Editor’s Note: Matt Damon is an actor, screenwriter, producer and cofounder of Water.org and WaterEquity, nonprofit organizations dedicated to empowering people in the developing world to gain access to safe water and sanitation Gary White is the CEO and cofounder of Water.org and WaterEquity. The opinions expressed in this commentary are their own.

CNN  — 

A global shift is happening. Governments are increasingly allocating resources to energy alternatives. Consumers are demanding that companies take active measures to protect the environment through carbon offsets and recyclable packaging. Investors are integrating environmental, social, and governance (ESG) objectives into their investment decisions — with a heavy focus on cutting carbon emissions.

While this progress is essential, it is missing an important component in effectively addressing climate change: water. In normal times, the water crisis is devastating to both people and the planet. And, as we work toward a climate-resilient future, we must devote energy and resources to managing water access and sanitation.

Globally, across both countries and industries, water is still being treated as an unlimited resource, with dire results. According to the United Nations, nearly half the global population is already living in potential water-scarce areas at least one month per year, which could increase to between 4.8 billion and 5.7 billion people in 2050, and 30% of global water extraction is lost through leakage in water supply systems, which are largely antiquated and need significantly more private investment. What’s more, 80% of the world’s wastewater is released into the environment without prior treatment, polluting rivers, lakes, and oceans, and attributing to nearly 1 million deaths per year due to water-related diseases, such as cholera, diarrhea, hepatitis A and typhoid.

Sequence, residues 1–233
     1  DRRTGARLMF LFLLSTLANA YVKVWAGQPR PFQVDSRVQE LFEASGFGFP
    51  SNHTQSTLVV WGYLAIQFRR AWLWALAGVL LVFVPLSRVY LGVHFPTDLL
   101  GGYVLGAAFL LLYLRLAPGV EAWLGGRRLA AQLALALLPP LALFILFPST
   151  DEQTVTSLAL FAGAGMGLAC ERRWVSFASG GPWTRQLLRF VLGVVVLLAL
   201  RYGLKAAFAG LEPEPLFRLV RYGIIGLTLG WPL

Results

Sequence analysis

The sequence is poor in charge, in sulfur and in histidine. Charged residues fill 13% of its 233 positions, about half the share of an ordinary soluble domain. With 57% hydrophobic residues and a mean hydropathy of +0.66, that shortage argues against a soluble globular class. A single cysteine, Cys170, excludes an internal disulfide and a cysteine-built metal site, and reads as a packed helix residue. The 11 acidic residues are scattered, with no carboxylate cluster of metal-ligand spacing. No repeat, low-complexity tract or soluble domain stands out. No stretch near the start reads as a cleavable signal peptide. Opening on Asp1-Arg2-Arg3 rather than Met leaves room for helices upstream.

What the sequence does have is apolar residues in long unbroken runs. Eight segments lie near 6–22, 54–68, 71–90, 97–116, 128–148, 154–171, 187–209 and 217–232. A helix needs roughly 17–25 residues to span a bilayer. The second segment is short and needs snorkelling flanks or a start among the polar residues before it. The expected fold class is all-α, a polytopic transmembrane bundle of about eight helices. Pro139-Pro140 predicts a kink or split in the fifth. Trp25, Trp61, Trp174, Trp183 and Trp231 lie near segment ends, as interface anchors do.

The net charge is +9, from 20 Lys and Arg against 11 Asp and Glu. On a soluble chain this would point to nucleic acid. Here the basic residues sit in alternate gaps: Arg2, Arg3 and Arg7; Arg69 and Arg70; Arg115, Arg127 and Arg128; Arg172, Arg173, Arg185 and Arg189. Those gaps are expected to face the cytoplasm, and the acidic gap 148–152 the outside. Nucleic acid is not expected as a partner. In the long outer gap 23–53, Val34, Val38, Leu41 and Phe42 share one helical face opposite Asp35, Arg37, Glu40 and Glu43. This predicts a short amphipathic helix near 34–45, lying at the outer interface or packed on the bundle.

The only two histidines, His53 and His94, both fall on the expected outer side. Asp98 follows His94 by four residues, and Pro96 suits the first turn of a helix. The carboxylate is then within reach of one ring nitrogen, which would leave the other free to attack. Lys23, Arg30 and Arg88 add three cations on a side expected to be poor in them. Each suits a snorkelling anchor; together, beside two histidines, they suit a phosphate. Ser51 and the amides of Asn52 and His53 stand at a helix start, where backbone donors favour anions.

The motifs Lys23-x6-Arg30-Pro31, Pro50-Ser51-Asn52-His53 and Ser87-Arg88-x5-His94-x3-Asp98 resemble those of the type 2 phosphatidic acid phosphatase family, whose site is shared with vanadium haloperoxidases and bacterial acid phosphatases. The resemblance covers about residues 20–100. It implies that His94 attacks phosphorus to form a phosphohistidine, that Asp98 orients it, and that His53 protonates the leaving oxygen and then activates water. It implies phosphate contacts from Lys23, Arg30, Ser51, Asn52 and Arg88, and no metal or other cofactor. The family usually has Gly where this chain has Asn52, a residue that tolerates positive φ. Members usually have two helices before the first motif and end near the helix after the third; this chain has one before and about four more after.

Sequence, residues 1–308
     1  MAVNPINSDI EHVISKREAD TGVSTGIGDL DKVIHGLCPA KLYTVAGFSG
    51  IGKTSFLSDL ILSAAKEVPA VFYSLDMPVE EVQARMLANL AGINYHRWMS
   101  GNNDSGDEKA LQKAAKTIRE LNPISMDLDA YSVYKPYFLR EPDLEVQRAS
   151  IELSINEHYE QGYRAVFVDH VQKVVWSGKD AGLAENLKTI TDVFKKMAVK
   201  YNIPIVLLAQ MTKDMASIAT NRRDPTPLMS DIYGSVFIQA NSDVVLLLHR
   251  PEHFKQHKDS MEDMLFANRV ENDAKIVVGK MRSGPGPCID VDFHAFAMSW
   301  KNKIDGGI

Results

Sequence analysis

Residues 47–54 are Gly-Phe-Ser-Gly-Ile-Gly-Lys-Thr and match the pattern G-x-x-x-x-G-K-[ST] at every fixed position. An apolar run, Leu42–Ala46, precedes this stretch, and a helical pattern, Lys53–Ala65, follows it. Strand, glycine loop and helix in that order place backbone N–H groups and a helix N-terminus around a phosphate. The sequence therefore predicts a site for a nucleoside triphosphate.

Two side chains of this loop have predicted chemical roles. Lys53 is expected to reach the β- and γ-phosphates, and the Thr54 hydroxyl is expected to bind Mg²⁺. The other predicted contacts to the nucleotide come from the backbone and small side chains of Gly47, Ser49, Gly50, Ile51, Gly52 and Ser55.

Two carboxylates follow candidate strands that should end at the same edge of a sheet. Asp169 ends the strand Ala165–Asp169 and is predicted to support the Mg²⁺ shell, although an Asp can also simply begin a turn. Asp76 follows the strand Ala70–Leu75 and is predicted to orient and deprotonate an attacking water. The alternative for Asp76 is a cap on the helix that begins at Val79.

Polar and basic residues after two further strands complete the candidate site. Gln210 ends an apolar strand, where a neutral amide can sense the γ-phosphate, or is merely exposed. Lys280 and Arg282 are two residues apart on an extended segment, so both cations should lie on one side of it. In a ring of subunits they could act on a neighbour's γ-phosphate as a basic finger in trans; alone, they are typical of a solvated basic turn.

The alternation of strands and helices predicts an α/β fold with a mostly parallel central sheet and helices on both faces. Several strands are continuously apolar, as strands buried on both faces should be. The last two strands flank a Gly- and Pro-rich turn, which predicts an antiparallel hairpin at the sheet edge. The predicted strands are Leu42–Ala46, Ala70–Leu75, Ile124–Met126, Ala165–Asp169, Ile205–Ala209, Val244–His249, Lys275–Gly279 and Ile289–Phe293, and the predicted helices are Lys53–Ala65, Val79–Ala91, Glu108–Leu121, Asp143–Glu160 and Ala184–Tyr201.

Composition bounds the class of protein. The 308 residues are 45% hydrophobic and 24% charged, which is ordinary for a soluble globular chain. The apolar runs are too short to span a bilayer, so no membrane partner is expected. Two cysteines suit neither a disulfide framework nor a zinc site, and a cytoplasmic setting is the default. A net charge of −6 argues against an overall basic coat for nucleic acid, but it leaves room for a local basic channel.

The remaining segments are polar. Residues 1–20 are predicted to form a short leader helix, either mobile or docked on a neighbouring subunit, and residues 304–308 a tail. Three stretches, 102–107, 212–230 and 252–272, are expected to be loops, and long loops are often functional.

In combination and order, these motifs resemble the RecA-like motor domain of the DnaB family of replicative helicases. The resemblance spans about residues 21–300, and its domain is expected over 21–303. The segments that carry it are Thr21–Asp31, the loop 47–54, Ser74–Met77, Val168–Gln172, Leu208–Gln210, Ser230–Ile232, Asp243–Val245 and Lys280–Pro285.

One critical component to addressing this crisis is investing in and improving water and sanitation infrastructure. Climate-adaptive infrastructure that provides safe water and processes sewage is fundamental not only to public and environmental health, but also to a wide range of industries. And while global investments in infrastructure have increased steeply — infrastructure funds held $582 billion in assets as of June 2019 — investments in water and sanitation infrastructure have been paltry. From 2012 to 2017, only 1.9% of commercial finance went to this sector, with little to no impact for the 2 billion-plus people who don’t have access to safe water and sanitation today.

While this is a deeply disheartening statistic, the upside is that it can be fixed. Many societies have provided people with access to safe water and sanitation for more than a century. The necessary technology and solutions are available. What’s needed are the capital resources, commitment and attention to address this.

When we launched Water.org as a non-profit and, subsequently, WaterEquity as an asset manager, it was with the intention of creating a sustainable global capital market that would truly meet the needs of those without access to safe water and sanitation.